CES 2021 Preview: High-Tech TV Sets the Stage Page 2

LG Display also announced plans to unveil the world’s first Eyesafe Certified television at CES 2021. Designed in conjunction with Eyesafe, developer of blue-light mitigation technology for video displays, the 65-inch OLED TV meets requirements for low emissions of blue light and optimal color performance. The move acknowledges scientific research showing that long-term exposure to blue light can have a negative impact on eye health.

LG Display Chief Technology Officer Dr. Soo-Young Yoon called the first Eyesafe Certified TV a “watershed moment” in television display manufacturing.

“The announcement comes in the wake of significant data from across the globe, indicating rising levels of screen time by consumers,” LG said. “While the average number of hours spent in front of displays — which includes television screens, smartphones, laptops, and other digital devices — has been growing at an alarming rate in recent years, it has skyrocketed in the past year due to the global pandemic. In the U.S. alone, a recent Nielsen report indicates average screen time exceeds 13 hours a day.”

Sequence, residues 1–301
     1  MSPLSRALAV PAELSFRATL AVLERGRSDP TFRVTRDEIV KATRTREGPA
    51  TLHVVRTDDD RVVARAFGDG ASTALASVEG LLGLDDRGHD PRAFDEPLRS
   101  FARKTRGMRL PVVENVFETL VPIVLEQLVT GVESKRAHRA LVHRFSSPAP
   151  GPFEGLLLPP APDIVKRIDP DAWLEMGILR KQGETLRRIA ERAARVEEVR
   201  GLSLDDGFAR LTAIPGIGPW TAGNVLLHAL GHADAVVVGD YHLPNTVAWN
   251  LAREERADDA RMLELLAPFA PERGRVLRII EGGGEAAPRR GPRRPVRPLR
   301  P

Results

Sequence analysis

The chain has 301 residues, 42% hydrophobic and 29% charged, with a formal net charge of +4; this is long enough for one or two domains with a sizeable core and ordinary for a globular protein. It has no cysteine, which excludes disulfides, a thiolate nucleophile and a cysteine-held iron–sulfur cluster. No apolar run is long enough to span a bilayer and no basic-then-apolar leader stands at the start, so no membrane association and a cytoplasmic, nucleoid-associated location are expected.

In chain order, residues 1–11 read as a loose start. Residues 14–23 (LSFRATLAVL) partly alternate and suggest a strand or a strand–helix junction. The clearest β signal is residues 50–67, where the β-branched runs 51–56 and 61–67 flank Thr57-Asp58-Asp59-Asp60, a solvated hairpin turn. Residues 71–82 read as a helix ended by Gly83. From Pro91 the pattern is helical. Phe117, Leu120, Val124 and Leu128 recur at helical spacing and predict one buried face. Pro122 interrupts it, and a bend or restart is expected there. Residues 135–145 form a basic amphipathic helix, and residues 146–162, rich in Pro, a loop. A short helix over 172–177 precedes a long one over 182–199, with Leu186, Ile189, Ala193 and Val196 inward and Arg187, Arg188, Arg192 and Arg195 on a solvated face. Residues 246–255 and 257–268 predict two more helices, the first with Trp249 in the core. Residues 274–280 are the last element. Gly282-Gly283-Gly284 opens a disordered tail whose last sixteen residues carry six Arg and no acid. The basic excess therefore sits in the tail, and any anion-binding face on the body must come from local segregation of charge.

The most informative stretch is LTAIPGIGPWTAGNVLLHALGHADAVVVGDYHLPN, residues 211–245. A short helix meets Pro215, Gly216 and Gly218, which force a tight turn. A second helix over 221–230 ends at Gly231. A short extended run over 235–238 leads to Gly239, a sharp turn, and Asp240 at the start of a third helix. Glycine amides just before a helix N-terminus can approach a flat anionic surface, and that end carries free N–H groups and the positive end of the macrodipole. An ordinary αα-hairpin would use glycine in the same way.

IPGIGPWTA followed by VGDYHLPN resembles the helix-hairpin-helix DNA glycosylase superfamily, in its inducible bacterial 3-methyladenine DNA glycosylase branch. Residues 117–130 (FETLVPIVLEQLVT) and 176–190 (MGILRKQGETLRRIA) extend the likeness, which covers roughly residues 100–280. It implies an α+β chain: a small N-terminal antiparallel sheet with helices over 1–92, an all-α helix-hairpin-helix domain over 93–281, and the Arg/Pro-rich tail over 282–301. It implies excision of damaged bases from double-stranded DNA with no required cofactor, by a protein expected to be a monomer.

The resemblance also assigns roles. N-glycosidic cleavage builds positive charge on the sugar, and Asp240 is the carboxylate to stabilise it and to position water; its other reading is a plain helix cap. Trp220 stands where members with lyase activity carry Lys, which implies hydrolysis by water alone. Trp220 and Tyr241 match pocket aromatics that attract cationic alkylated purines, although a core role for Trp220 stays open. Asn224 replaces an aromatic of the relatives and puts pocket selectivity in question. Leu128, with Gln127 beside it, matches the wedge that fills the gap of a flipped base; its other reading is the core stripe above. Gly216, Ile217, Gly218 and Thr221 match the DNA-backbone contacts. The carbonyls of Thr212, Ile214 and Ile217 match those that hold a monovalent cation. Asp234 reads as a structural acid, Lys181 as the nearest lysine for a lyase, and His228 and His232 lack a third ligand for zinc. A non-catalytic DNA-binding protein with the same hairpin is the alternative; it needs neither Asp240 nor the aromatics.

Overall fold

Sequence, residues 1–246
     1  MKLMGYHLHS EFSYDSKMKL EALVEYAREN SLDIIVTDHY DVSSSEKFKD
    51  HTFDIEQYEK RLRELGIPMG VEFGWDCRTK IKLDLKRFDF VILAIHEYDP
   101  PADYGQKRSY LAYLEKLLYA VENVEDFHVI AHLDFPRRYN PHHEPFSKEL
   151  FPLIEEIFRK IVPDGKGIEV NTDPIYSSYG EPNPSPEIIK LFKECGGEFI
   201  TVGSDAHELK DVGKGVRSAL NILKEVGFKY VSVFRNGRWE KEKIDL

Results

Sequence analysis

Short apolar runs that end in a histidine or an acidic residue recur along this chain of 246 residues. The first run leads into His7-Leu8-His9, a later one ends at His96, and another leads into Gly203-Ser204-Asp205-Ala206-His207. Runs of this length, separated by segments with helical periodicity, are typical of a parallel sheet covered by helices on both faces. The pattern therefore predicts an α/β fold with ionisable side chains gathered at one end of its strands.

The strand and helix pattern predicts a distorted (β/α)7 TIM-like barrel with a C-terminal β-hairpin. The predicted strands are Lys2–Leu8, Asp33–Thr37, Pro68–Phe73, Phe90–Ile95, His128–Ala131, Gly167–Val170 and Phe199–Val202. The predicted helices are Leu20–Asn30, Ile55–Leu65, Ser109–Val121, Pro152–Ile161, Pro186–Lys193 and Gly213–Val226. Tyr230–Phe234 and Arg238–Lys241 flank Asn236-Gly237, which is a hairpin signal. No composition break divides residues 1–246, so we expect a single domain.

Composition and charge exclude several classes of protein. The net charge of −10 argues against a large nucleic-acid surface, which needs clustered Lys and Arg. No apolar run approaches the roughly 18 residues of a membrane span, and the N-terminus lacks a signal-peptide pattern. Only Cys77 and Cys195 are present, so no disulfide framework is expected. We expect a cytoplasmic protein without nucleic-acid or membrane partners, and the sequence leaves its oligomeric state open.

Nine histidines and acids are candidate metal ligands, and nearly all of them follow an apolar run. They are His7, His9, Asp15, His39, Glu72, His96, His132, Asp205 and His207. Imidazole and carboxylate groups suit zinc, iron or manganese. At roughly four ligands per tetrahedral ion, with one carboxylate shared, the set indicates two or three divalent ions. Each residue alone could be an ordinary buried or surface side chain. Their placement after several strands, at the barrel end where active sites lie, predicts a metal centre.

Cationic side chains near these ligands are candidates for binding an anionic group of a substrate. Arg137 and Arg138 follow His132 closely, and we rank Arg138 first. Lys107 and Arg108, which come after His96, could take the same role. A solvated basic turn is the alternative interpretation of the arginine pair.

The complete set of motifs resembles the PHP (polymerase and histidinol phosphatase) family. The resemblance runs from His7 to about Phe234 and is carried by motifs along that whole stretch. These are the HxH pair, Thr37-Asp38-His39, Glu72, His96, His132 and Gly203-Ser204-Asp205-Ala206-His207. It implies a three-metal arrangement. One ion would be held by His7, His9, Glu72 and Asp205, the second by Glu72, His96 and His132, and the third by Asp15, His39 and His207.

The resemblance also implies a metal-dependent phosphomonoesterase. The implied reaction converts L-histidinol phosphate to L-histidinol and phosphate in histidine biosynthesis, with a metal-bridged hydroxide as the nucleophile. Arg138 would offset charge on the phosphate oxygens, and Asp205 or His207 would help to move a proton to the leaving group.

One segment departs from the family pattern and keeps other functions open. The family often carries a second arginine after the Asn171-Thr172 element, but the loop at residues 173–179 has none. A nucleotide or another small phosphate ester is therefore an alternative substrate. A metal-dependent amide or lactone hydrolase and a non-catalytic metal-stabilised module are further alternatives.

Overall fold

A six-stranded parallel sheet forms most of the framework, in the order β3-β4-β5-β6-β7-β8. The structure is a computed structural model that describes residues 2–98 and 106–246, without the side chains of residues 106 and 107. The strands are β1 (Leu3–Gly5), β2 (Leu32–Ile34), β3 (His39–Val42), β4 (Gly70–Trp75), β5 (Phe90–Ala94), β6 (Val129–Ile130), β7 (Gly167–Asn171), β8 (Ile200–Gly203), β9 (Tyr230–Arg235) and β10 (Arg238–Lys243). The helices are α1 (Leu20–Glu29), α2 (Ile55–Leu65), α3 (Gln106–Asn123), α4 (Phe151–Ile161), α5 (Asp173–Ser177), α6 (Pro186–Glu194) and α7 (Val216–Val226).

The certification was conducted by the independent testing and certification firm TUV Rheinland. LG said it expects many more Eyesafe television displays to come to market in 2021, as TV makers adopt Eyesafe standards “in an effort to communicate health and safety to end-consumers.”

"It's a real honor to partner with an industry leader like LG Display on this project because it has vast implications across the television display industry," said Eyesafe CEO Justin Barrett. "Amid the global pandemic, screen time continues to increase at a shocking rate, and we believe it is our responsibility to put the health of consumers first; we are proud to introduce these game-changing solutions that protect eyes at the source. We look forward to our continued work with LG Display, as we encourage other major display manufacturers and television brands to adopt Eyesafe solutions in the near future."

The Eyesafe display standard was developed in conjunction with more than 250 leading ophthalmologists, optometrists, and engineers who have been conducting and analyzing clinical health and safety research on the impacts of exposure to high-energy blue light. For more information, visit eyesafe.com.

A New Kind of Audio Entertainment for Kids